Diesel has etched its name in the hearts of Gen Z and Millenial fashion enthusiasts once again for their 2022 autumn/winter collection.
If one thing is certain, it’s that Glenn Martens knows denim. Having had a busy year so far, Martens has debuted his Y/Project AW22 collection, as well as an in-house collaboration with Jean Paul Gaultier, and now the busiest designer of the season has debuted his Y2K-infused AW22 catwalk presentation for Diesel.
At Y/Project the Belgian-born designer offers cutaway jeans, cowboy jeans, trumpet jeans and peepshow jeans, but at Diesel’s Milan show, his first since appointed as the brand’s creative director, denim was seriously subverted. Martens brought couture sensibilities to one of the most utilitarian fabrics of all. There were floor-sweeping denim fur jackets, acid-washed denim bodysuits, and, more surprisingly, bodycon Martian-esque tiny dresses and skirts in metallic knits. Martens ripped the denim conventions to pieces, and the audience was particularly pleased.
The set, which was art directed by Niklas Bildstein Zaar, who previously worked with Kanye West on Donda, was one of the greatest seen thus far in Milan. At first sight, the runway space appeared simple: a meandering red catwalk with enough of time to digest each look. Then the inflatable dolls then appeared. Although slightly distracting, the enormous man and woman who lined the catwalk in provocative poses – dressed in Diesel, of course – only enhanced the ominous ambience of the show.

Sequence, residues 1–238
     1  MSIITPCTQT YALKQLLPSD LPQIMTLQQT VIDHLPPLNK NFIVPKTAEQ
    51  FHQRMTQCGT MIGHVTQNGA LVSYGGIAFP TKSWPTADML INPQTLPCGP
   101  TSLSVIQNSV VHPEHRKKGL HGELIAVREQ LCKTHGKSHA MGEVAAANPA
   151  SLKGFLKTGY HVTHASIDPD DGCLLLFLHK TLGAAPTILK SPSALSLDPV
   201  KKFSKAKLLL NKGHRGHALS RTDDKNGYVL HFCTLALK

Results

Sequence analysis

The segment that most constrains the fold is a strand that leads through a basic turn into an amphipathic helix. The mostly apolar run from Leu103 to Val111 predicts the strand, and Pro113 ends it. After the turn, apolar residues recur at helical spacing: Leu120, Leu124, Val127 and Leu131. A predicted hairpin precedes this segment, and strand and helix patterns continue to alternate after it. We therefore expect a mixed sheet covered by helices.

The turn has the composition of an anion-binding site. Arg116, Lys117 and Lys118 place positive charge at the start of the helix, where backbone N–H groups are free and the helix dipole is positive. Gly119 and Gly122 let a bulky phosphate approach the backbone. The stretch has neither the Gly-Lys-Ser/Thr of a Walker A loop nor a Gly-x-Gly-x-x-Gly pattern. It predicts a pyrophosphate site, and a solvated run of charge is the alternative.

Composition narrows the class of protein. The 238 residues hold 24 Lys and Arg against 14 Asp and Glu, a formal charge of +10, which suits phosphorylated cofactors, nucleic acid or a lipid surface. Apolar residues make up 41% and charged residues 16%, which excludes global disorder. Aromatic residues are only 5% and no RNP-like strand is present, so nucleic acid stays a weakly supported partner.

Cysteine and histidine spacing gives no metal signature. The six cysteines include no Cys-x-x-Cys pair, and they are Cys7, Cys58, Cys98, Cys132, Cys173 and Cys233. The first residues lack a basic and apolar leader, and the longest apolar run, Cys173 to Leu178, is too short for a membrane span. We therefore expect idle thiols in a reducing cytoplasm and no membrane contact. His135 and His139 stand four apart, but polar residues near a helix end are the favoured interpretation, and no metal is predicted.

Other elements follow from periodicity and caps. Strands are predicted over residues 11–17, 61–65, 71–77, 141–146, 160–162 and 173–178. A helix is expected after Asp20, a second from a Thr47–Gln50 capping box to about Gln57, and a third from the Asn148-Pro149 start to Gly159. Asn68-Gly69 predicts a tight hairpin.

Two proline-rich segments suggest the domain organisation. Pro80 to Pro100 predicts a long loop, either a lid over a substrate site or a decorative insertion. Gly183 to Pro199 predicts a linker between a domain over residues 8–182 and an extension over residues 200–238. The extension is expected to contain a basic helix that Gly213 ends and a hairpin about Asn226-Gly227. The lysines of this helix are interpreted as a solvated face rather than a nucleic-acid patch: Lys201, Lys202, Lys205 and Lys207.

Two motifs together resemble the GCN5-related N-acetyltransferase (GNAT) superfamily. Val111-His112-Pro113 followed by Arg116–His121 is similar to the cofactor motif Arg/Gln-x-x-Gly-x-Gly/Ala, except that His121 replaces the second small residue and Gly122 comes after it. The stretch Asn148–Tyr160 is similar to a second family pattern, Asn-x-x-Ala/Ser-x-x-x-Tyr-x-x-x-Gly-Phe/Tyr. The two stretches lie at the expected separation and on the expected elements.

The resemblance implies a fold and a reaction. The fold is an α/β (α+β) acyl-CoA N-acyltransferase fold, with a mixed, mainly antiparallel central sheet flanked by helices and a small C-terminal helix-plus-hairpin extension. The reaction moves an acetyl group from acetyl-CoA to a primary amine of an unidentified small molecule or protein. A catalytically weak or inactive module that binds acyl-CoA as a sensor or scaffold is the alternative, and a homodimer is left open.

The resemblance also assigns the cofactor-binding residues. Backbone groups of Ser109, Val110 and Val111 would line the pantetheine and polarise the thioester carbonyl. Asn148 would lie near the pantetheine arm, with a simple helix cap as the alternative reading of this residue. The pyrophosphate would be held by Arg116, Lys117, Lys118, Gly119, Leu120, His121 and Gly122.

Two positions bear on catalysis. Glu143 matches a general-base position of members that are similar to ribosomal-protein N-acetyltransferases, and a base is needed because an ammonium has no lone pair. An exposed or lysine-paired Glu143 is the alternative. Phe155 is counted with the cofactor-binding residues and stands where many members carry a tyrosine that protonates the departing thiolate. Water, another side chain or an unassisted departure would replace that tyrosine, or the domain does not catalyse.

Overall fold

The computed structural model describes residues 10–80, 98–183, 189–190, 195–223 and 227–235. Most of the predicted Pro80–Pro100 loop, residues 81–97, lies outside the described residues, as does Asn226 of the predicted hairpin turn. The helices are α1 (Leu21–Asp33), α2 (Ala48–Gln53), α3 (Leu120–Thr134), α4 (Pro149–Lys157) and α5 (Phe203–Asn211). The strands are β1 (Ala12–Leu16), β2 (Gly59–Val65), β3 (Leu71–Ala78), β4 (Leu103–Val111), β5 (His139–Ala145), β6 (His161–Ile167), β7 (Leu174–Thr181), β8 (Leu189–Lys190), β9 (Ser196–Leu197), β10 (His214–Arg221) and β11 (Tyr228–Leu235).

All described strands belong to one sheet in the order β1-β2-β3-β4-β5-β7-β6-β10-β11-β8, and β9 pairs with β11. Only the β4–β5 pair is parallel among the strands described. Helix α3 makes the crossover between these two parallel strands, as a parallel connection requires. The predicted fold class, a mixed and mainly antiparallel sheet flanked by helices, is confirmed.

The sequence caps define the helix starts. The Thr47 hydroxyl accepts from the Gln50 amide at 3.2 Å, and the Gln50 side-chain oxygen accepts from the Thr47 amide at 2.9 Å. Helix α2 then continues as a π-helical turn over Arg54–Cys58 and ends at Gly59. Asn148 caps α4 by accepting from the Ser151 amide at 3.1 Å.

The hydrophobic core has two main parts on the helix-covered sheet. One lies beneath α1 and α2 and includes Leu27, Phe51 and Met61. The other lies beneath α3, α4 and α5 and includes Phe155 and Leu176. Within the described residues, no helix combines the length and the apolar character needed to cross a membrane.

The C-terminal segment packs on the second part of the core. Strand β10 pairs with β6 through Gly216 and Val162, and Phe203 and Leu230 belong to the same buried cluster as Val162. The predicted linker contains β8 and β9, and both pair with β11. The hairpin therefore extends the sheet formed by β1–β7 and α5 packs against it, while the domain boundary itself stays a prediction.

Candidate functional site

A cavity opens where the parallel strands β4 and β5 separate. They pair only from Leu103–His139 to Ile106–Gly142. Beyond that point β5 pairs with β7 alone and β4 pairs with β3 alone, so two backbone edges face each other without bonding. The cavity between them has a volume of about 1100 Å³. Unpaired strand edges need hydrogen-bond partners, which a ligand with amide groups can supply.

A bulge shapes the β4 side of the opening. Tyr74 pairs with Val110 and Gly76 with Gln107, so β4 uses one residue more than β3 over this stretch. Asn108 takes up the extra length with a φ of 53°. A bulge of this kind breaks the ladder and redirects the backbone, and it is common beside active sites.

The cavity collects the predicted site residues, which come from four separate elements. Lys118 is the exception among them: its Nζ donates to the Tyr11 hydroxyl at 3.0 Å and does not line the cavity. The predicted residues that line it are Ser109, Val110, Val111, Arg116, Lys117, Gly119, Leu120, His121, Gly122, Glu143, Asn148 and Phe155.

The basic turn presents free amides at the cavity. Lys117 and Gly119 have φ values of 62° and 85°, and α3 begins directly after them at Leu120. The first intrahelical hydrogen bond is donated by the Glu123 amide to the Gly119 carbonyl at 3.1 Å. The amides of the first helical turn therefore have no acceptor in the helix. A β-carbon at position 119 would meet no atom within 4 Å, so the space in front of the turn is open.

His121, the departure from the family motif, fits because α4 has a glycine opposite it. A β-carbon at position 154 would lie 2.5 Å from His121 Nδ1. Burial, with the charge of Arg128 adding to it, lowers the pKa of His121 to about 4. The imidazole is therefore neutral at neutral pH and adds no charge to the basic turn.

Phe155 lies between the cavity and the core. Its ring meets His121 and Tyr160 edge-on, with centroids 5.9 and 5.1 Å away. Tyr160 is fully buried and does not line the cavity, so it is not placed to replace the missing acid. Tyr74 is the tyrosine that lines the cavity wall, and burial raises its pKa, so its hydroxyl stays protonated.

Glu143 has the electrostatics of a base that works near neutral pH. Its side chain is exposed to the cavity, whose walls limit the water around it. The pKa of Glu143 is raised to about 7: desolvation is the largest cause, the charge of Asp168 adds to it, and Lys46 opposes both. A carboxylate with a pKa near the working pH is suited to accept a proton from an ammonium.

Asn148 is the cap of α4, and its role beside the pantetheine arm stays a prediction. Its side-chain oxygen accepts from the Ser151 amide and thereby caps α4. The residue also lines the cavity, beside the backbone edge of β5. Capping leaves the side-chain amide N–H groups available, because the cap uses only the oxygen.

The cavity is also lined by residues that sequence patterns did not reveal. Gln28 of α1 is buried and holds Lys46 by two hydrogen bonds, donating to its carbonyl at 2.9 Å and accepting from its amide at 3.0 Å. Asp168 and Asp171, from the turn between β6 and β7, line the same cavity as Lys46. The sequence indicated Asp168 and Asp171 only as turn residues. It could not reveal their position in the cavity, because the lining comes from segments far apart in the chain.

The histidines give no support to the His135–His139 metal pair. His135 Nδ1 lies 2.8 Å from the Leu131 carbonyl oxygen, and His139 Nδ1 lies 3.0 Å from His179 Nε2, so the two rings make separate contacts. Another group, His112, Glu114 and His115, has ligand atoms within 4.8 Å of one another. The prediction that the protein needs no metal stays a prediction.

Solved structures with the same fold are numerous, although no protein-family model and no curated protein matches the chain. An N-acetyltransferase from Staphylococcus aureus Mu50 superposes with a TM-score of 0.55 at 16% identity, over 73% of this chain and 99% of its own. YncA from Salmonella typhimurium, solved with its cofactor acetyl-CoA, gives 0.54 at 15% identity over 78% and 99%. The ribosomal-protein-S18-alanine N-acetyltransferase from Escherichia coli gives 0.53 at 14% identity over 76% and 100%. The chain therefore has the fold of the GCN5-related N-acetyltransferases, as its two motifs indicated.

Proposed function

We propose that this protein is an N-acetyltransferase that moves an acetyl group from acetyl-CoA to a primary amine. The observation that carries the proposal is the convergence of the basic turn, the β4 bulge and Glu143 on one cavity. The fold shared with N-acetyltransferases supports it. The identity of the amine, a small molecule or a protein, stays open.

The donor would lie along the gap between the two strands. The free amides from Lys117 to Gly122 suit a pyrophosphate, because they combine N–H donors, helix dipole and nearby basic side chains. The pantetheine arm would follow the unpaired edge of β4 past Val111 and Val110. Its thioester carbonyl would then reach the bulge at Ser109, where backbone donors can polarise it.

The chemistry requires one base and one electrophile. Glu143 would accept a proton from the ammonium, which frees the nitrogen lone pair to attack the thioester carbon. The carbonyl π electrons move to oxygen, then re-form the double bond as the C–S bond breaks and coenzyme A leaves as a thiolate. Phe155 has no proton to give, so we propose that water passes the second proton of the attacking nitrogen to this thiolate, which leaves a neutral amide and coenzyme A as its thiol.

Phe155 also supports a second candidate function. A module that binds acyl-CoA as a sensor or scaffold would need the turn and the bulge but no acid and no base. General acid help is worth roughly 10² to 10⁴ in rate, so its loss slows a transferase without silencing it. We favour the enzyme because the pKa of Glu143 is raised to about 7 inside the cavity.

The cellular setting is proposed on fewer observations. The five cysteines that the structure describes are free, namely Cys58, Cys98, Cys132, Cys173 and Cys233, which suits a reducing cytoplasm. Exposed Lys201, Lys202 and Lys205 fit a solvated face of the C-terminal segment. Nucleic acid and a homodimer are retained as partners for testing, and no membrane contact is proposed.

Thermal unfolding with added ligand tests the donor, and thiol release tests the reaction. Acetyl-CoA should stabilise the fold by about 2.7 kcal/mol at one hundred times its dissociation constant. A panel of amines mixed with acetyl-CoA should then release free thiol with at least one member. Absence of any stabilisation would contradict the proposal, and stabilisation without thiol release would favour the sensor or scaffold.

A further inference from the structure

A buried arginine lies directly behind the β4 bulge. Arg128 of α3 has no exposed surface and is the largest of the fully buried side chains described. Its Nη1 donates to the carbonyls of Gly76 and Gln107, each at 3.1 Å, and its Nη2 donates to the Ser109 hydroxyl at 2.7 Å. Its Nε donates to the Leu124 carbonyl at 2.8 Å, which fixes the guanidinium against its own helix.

Apart from the strange set dressing, Diesel’s new collection was edgy, on-brand, and faintly futuristic. Imagine altering your existing winter wardrobe to appear as though you’ve survived an apocalypse, and you’ll get a sense of the collection’s spirit. Many of its looks are influenced by the commercialism that Diesel has cultivated in recent years. Diesel is known for its logo skirts, jumpsuits made to seem like denim in a trompe l’oeil manner, and faded jeans. Martens’ more innovative items, such as utilitarian jumpsuits and mossy denim jumpers, hint at Martens slightly pushing against this commercialism.
While every style was classic Martens, complete with early 2000s sex and pop star glam, there were a few standouts. A leather belt, for example, was remade and blown up into a skirt, replete with frayed denim fringes — and it was very Miu Miu, à la the micro-skirt that channels the cool-girl noughties aesthetic that no one can get enough of at the moment. The Diesel AW22 collection was also an absolute masterclass in distressing. It didn’t merely grace jeans in the typical sense; for example, there were no blown-out knees. Instead, all of the distressing was applied to the waist and crotch areas for a new yet noughties-inspired look, or it featured on the lapels of coats.
In addition to denim, there are chiffon and organza dresses, leather suits and shearling flight jackets, and a bewildering selection of metallic coated knit dresses. Closing the collection were waxed denim pieces that looked like leather, demonstrating Martens’ continued use of illusionary methods seen in his recent Y/Project and JPG collections.
Many people were optimistic about Martens’ new role at Diesel, and we think it’s safe to say he hasn’t disappointed . We’re entering a new age of Diesel, one that’s trendier and more innovative than ever before.